The long-awaited joint federal-state settlement with the major banks for their alleged fraudulent documentation and processing of mortgages and foreclosures was announced on Thursday, February 9. Will it help you, and if so, how?
I interrupt my ongoing series on small business bankruptcy to answer your most immediate questions about this huge settlement.
1. Who is included in this settlement?
- Only five big banks are currently signed on: Bank of America, Wells Fargo, J.P. Morgan Chase, Ally Financial and Citigroup. Only mortgages owned and held by them are directly affected. Negotiations continue with nine other mortgage servicers, which if successful could bring the total amount of money involved to $30 billion.
- 49 states joined in the settlement; only Oklahoma did not.
- Mortgages held by Fannie Mae and Freddie Mac—consisting of the majority of U.S. mortgages—are NOT covered.
2. What does this settlement resolve and what is open for further negotiation and litigation? In other words, what liabilities are the banks escaping from for their $26 billion?
- The claims against the banks that are released in this settlement are limited to mortgage servicing and foreclosure claims. Claims for a variety of other alleged wrongdoing are not covered and so remain open to being pursued by the federal and state regulators, investors, and homeowners. Claims that are NOT covered include those related to the securitization of mortgage-backed securities that were at the heart of the financial crisis, and those against or involving MERS (Mortgage Electronic Registration Systems).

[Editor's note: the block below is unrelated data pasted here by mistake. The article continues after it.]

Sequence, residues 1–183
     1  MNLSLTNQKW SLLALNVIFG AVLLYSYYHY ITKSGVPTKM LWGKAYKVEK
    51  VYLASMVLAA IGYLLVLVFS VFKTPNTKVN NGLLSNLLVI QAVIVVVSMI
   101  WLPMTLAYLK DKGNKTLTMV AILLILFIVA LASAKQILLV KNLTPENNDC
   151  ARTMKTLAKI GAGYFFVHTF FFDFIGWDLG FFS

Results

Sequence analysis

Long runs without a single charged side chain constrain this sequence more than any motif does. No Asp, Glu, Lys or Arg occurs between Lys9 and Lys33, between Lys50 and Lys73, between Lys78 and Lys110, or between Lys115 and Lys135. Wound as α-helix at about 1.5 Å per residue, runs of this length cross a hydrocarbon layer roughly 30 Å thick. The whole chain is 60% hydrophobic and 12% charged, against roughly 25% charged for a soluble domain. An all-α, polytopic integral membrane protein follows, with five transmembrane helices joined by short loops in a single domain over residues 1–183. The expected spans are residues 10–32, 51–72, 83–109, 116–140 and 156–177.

- Individuals’ rights to bring their own lawsuits or to be part of a class action against any banks for any claims are not affected by this settlement.
- The settlement does not limit any potential criminal liability for any individuals or financial institutions; it provides no immunity from prosecution whatsoever.
3. How does the settlement help you if your mortgage is held by one of these five banks?
- If you need a mortgage loan modification, these servicers will (finally!) be required to offer principal reductions, for first and second mortgages, to a value of up to $17 billion. This is where the bulk of the settlement funds are earmarked.
- If you’re current on your mortgage but your home is worth less than the mortgage, $3 billion of the settlement is to provide refinancing relief.
- If your home has already been foreclosed, $1.5 billion will be paid out by the banks as a penalty against them–around $2,000 per homeowner–without you needing to show any damages or releasing any claims against the bank.
4. Where do you go for more information and to find out whether you will be helped in any of these ways?
- Go to the new settlement website for current and upcoming information about it: